The old man's eyes rolled back into his socket as the constricted air wheezed out of his mouth. Seeing this, the pious one spoke: “Gentleman, it is getting cold. Our job is done.”

The pious one did his prayer, and then led the mob back through the path they had forged.

A sense of relief came over me. I leapt off the tree and landed near hanging man. I advanced toward him. And, to my surprise, I could smell his blood...and I could hear it, coursing through his veins.

I couldn't believe it. The man was still alive. He was stronger than I had ever imagined.

My nails were sharp enough to disembowel any animal in the wild. Thus, with one fell swoop, I slashed the rope and freed him. He hit the snow and crumpled into a fetal position. He moaned as he caught his precious breath.

I stood before him, at one moment pitying him, at another moment realizing he was now like me: an outcast. But something was entering my head. Temptation was working its way through me.

Here was a man before me, broken, near death, and forever cast out of his village. No one would miss him (the little voice of temptation kept saying). I fought it and put it as far back into my head as I could. I’d find an animal to feast upon, I kept saying to myself. That’s what I did -- even in the dead of winter when they were scarce while humans were plentiful -- I always found a way. All I had to do was recall that village girl’s eyes.

He was near death, or so I thought. He was far from home, far from safety. There was no way he would live out here unless…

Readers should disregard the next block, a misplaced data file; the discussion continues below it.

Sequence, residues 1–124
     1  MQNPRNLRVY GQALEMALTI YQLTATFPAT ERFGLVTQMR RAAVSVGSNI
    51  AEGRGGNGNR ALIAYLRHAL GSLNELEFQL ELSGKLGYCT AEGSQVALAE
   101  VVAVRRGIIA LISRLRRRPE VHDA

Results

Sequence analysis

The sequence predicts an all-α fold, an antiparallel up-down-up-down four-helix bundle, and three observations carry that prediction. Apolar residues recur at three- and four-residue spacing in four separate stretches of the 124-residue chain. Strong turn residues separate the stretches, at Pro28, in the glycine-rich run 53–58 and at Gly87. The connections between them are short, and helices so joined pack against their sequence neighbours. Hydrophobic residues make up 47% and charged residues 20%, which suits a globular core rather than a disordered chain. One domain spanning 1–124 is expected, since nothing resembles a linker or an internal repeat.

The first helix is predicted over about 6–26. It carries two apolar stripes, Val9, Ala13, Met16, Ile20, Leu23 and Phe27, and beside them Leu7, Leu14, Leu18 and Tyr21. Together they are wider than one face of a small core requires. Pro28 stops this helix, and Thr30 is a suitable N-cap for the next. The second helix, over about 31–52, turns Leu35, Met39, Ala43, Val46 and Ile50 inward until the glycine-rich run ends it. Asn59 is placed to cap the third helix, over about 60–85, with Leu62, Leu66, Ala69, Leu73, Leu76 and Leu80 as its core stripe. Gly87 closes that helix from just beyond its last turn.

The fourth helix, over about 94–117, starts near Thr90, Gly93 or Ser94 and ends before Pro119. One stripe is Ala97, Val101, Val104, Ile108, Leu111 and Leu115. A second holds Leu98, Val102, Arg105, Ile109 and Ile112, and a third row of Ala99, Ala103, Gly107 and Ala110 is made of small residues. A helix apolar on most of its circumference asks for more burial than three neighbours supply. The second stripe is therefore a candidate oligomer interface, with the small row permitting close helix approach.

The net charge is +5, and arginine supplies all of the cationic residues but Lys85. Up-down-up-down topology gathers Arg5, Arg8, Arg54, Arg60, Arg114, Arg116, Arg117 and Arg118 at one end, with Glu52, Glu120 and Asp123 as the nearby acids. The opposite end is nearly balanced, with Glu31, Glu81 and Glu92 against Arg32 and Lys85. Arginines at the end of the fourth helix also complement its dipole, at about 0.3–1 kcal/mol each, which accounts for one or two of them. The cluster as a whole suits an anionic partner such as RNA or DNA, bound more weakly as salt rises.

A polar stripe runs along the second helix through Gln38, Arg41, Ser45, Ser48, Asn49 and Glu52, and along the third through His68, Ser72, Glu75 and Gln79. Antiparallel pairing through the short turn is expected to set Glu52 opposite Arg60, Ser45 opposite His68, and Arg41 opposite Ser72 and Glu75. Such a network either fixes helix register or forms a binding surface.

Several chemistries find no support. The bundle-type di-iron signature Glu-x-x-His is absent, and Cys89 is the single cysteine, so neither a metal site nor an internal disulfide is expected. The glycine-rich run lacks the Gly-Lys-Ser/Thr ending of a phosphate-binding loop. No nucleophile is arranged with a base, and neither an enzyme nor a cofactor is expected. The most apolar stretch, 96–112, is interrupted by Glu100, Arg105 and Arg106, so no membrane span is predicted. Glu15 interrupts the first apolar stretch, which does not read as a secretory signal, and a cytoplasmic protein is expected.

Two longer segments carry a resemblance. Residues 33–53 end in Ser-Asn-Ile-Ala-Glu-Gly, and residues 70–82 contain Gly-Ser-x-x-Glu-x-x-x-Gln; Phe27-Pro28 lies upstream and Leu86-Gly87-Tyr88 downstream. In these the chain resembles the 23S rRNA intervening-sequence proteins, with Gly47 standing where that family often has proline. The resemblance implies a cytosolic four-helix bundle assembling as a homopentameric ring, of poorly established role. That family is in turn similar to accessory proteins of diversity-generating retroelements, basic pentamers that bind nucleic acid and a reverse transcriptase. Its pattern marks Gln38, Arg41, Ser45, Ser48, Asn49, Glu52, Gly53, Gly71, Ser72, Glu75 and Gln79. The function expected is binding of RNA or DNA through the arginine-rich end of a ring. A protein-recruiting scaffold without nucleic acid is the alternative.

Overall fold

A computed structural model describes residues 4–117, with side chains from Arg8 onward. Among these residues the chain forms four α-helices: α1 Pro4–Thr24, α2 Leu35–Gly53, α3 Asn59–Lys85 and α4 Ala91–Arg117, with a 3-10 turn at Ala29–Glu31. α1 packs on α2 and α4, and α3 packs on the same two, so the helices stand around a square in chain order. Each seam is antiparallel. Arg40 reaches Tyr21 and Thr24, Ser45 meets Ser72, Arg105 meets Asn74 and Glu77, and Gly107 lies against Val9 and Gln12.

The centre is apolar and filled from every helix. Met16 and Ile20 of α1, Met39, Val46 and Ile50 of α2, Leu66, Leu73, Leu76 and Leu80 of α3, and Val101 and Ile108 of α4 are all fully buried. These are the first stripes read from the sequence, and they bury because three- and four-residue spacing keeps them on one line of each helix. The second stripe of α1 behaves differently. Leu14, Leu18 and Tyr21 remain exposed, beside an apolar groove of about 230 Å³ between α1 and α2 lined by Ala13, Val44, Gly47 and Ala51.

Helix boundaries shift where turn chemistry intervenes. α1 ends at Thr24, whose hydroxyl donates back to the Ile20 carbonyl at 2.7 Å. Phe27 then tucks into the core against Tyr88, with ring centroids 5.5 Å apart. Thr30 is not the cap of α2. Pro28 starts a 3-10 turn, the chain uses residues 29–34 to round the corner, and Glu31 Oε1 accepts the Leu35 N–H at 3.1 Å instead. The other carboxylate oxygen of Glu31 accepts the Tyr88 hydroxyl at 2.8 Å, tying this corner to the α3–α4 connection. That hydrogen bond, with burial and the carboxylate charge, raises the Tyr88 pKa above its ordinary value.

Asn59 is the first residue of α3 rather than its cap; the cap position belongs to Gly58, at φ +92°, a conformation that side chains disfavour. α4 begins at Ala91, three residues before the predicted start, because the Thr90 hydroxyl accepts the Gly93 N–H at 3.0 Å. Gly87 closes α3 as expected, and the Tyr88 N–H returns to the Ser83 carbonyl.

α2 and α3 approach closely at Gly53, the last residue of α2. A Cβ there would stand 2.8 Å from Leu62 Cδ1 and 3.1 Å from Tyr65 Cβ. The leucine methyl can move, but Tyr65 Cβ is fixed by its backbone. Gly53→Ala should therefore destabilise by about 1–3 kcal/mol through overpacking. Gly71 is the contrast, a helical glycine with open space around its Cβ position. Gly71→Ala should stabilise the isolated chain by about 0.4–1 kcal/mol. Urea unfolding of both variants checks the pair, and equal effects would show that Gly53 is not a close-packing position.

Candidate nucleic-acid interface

A thought came to me. I licked my fangs, thinking I could turn him, like I was turned so many years ago. I got to my knees and opened my mouth and lowered myself to sink my fangs into the man’s neck.

Then the spell was broken by my would-be victim.

"No!" he screamed.

I stopped, reeled back as he squirmed away from me.

"Don't you want to live?” I pleaded.

"I'd rather die of frost than become one of your types.”

I stood there, perplexed unaware that I lost control of the beast deep within me. Anger surged within.

"Go then!" I hissed. .

The man didn't hesitate, he gathered his strength and fled as fast as he could, heading somewhere unknown. I knew he wasn't heading to town where he wasn't welcome. He'd rather head into the dead of a chilly night and face death rather than be cursed.

I couldn't blame him. I stood there for a moment. The air was cold, the snow was thick. I came to realize it was going to be a long winter. My winters will always be long: forever long.


© 2014 Dean Traylor


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    • profile image

      Carrie. Lee . Night 

      5 years ago

      Great detailed and well written story! Thank you for sharing.

    • Gypsy Rose Lee profile image

      Gypsy Rose Lee 

      6 years ago from Daytona Beach, Florida

      Voted up and interesting. I don't know I guess it depends on how much faith the old man has because being a vampire is a whole other thing entirely. Well done. Passing this on.

    • Becky Katz profile image

      Becky Katz 

      6 years ago from Hereford, AZ

      This is not really my type of story, but this was very well written. I enjoyed the battle between good and evil in this.